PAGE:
Conserving energy is on a lot of people's mind these days.
With the cost of electricity skyrocketing, people are looking for different ways to cut back on energy consumption.
There are a number of alternative energies you could implement.
You have solar, wind, geothermal, and biomass energy.
But, one of the most popular methods these days, is to use the sun to heat your water.
This is done with some cool ingenuity, and a lot of creativity.
The rest of this article will be a basic break down on solar heating systems.
Types of Solar Heating Systems
There are two different types of solar water heating: Passive and Active.
These are also referred to as ICS or batch systems.
The system is comprised of one or more black tanks or tubes in an insulated glass box.
First, the water passes through the solar collector, which begins heating the water.
The water then travels to the conventional back up water heater, enabling you to have a reliable source of hot water.
The conventional heater only works as a backup for those frosty days and nights.
It is recommended that you install these solar water heaters in a climate that only freezes a little, because the pipes outside could freeze if the cold weather is severe.
1. Cost less than thermosyphon systems
2. Simple design
1. Very heavy tanks that must be installed by experienced contractors
2. Can suffer heat loss at night
3. Only for mild climates
Water flows through the system via natural convection.
That means warm water rises as cooler water sinks.
The solar collector is installed below the storage tank so that warm water will rise into the tank.
These are excellent solar water heating systems, but caution is needed when mounting them on your roof due to the heavy weight of the water tank.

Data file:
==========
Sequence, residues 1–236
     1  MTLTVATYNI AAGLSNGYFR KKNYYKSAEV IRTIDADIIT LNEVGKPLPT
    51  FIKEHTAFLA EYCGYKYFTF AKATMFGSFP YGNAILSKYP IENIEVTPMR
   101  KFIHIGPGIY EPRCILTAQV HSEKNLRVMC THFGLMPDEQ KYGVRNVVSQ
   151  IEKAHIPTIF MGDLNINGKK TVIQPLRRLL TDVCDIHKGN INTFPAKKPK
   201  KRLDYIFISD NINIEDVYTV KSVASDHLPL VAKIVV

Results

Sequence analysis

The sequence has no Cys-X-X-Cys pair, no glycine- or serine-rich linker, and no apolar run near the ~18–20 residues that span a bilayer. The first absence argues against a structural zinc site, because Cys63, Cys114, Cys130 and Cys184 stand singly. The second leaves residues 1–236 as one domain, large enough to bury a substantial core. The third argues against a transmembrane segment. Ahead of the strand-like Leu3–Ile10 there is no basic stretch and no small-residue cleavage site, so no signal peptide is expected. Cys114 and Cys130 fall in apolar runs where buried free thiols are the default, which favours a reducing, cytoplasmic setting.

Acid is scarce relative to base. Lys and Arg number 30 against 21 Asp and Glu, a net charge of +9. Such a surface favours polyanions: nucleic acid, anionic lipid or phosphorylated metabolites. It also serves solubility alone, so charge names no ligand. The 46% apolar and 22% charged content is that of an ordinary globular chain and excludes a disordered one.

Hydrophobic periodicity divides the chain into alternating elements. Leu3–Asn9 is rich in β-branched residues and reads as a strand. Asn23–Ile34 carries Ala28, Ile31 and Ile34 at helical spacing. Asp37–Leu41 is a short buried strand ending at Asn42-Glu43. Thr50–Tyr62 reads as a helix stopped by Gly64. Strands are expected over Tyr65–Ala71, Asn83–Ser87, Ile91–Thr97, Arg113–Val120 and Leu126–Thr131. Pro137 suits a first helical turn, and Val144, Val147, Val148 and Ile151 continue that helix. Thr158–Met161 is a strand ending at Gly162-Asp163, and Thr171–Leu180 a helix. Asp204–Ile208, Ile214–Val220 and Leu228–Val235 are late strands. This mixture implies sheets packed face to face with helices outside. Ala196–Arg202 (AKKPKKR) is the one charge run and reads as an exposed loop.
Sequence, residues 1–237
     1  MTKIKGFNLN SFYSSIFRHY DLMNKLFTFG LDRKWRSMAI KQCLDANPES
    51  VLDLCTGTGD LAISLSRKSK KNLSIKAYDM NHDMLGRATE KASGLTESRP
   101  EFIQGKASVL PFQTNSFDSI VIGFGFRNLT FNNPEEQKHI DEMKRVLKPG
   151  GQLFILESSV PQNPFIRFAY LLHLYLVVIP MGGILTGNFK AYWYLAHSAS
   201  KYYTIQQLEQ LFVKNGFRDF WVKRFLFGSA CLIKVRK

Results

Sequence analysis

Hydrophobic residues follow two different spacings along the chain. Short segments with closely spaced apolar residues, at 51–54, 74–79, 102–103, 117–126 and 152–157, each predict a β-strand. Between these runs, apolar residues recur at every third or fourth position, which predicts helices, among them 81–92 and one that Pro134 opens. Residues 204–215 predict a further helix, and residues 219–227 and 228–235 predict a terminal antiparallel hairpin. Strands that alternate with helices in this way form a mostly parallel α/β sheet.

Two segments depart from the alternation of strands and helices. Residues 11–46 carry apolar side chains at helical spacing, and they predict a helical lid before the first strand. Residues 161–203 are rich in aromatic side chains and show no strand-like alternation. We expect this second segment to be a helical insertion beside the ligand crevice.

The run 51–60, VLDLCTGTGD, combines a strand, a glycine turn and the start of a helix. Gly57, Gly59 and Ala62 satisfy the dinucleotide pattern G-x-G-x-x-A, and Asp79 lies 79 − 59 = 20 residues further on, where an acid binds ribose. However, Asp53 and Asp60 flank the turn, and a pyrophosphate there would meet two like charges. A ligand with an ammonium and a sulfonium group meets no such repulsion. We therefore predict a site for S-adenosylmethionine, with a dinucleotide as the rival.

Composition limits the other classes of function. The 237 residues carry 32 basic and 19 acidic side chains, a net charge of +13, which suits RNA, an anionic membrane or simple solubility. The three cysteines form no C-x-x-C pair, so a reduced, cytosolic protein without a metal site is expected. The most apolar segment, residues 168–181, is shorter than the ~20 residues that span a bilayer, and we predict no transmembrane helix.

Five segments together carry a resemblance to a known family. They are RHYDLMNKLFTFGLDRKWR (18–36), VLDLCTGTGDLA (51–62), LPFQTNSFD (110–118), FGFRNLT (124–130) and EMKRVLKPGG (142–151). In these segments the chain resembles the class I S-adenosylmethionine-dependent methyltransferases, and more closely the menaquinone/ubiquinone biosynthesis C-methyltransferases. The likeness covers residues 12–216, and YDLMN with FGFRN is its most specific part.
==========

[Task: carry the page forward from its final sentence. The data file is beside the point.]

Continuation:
Natural convection systems normally cost a little more than integral collector systems as well.
Storage tank is better insulated than the Integral systems, so you do not have heat loss
1. Heavy tanks that must be installed by a professional
2. Costs more
Pumps circulate water through a solar collector then into your home.
These solar energy systems work best in milder climates.
These systems are typically cheaper than other methods, but there are some cons you need to consider:
1. They offer little or no overheat protection unless they have a heat export pump.
2. They offer little or no freeze protection, unless the collectors are freeze-tolerant.
3. Collectors accumulate scale in hard water areas, unless an ion-exchange softener is used.
Active systems use a pump to circulate water around your house.
Modern active solar water systems have electronic controllers that offer a wide range of functionality, such as:
Pumps circulate a freeze resistant, heat carrying fluid (commonly called heat-transfer fluid or HTF) through the solar collectors and heat exchanger.
These solar water heating systems are great for frigid temperatures.
These systems cost a little more, but they offer freeze protection and over heat protection.
Pros for Active systems include:
The installation of solar water heaters depends on a number of things. These include:
If you do not have any construction experience, then you should hire a professional to do the job.
If the tanks are not properly mounted, they will cause a lot of damage to your house.
Defeating the purpose you are probably on, which is to save you some money over time.
Another huge plus for switching to solar water heating is that you are promoting an eco friendly technology.
Many utility companies (in the US it’s a whopping 42 percent!) depend on coal burning.
By switching to solar hot water heating, you would be helping to offset the many problems that are associated with coal production.